Emma Heywood | (The Conversation) | – –
Popular resistance against the Israeli presence in the West Bank, be it violent or peaceful, is a constant feature of life in the Occupied Palestinian Territories. With no money and little international support, Palestinian activists put their own lives at risk and sacrifice their well-being to fight the many aspects of control imposed by the Israeli state – checkpoints, permits, the wall, prisons – but mainly the lack of freedom, respect and dignity.
This is what’s at issue in the case of Ahed Tamimi, the 17-year-old Palestinian girl who was arrested in December 2017 for slapping an Israeli soldier. A video of the incident, which went viral, was recorded by her mother, who was also arrested for uploading it. The slap came just an hour after the same soldiers shot Tamimi’s 14-year-old cousin Mohammed in the face, leaving him in a critical condition.
Tamimi’s case has divided opinion, with each side accusing the other of exploiting it to support their own agenda. The trial has attracted criticism, partly because it concerns the arrest of a minor in acutely aggressive circumstances. Ahed’s appearance has also courted attention. Some in the Israeli press reported claims that the family are using Tamimi’s blonde, blue-eyed image for publicity purposes. Some have even questioned whether she could possibly be Palestinian “looking like that”.
In the meantime, the judicial process is moving slowly. Her military trial was recently postponed yet again until March 11 – a decision that was taken behind closed doors after international journalists, human rights researchers and observers were ejected from the courtroom.
Amid this chaos, I interviewed Tamimi’s father, Bassem. He claims the Israelis want to keep the case behind closed doors out of fear of international attention.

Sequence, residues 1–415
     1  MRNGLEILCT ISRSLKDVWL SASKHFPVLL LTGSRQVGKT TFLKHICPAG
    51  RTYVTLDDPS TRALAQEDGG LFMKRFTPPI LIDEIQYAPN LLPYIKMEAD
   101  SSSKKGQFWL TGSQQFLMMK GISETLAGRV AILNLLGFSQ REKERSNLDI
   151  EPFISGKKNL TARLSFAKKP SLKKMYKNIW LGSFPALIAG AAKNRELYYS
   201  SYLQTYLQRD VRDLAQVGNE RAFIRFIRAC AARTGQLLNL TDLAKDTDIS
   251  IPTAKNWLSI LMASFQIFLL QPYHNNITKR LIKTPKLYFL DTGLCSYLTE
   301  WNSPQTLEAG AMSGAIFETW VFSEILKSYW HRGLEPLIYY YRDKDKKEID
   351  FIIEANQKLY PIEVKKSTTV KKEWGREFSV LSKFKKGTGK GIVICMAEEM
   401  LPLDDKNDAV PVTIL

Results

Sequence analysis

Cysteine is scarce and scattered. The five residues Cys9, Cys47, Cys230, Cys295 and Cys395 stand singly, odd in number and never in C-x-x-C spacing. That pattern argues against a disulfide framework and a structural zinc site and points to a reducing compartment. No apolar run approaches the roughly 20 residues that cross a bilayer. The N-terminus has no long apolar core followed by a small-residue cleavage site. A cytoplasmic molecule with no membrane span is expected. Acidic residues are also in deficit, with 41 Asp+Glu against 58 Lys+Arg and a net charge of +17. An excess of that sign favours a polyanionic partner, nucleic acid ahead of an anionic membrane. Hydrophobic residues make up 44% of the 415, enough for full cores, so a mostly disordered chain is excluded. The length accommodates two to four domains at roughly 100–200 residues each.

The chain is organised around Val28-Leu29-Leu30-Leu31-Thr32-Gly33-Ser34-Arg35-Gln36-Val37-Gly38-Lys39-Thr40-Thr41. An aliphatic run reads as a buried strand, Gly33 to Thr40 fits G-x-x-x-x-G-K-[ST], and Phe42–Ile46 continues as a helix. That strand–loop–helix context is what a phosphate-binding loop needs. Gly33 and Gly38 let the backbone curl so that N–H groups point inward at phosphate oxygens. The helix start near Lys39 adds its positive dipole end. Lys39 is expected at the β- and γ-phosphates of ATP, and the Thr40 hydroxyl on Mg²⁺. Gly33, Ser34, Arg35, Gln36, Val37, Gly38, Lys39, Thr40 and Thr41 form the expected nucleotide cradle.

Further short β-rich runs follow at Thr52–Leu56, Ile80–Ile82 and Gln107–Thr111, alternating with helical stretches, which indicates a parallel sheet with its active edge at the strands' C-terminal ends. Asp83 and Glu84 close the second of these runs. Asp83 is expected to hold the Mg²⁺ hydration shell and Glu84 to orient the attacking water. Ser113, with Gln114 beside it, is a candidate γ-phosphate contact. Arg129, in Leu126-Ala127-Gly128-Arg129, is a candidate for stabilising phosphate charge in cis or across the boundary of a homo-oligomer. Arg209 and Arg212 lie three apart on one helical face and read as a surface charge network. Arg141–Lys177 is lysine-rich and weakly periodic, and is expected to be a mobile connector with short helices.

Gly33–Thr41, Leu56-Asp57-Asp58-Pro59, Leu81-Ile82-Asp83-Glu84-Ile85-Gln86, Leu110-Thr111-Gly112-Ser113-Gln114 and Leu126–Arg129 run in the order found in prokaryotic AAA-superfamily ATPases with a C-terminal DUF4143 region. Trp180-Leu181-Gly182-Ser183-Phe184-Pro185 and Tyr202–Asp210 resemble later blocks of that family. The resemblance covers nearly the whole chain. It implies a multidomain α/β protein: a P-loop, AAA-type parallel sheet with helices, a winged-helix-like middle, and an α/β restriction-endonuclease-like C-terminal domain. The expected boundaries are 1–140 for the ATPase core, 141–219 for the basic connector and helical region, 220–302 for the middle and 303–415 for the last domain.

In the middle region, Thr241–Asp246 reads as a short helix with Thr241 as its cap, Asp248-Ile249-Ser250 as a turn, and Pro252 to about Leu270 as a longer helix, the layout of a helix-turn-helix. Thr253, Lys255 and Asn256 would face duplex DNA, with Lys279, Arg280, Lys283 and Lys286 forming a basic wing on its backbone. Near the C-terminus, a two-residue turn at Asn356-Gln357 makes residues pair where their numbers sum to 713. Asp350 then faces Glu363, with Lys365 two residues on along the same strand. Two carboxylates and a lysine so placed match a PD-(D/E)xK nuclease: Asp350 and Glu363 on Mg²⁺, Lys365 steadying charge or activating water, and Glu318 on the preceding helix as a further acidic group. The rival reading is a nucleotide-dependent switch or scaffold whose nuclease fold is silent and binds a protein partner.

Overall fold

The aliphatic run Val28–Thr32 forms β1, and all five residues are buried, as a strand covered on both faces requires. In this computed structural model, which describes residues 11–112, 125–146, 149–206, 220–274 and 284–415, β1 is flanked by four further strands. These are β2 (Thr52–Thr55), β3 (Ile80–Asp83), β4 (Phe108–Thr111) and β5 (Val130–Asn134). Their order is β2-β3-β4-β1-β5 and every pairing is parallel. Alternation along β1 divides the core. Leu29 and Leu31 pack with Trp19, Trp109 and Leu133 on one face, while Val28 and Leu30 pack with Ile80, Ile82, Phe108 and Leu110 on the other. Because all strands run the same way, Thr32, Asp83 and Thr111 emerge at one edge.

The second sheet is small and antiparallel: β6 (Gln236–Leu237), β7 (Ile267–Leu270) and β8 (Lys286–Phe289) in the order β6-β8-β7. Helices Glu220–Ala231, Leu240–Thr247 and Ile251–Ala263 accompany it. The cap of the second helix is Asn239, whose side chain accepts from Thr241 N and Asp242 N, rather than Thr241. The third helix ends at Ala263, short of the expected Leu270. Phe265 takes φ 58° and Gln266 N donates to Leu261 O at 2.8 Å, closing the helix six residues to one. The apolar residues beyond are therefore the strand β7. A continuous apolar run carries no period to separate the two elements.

The face of a conflict
While I was in the West Bank, I repeatedly encountered certain themes about the trial. All the Palestinians I spoke to deeply respect and admire the Tamimis, but many worry that Ahed’s high-profile case is detracting from other ongoing ones, of which there is no shortage.
Tamimi is the tip of the iceberg. According to the prisoner human rights association Addemeer, there are more than 450 children in Israeli prisons, a figure which has doubled in the past three years. Tamimi’s age is not exceptional, and nor is her treatment. Western media must be careful not to focus on fragmented aspects of the occupation, be it the wall, the checkpoints, certain arrests, and be distracted from looking at the occupation as a whole. But as Bassem sees it, if Ahed is the one to bring the occupation to the fore, then so be it.
But what about Tamimi’s safety, her welfare, her education? Is the extended family that lives in Nabi Saleh, the small village whose existence has been increasingly threatened since the creation of the expanding Halamish settlement, right to put its children (not just Tamimi) in such a position to further its popular resistance? What about the safer options that many Palestinians pursue in the richer bubble of Ramallah, the West Bank’s de facto administrative capital?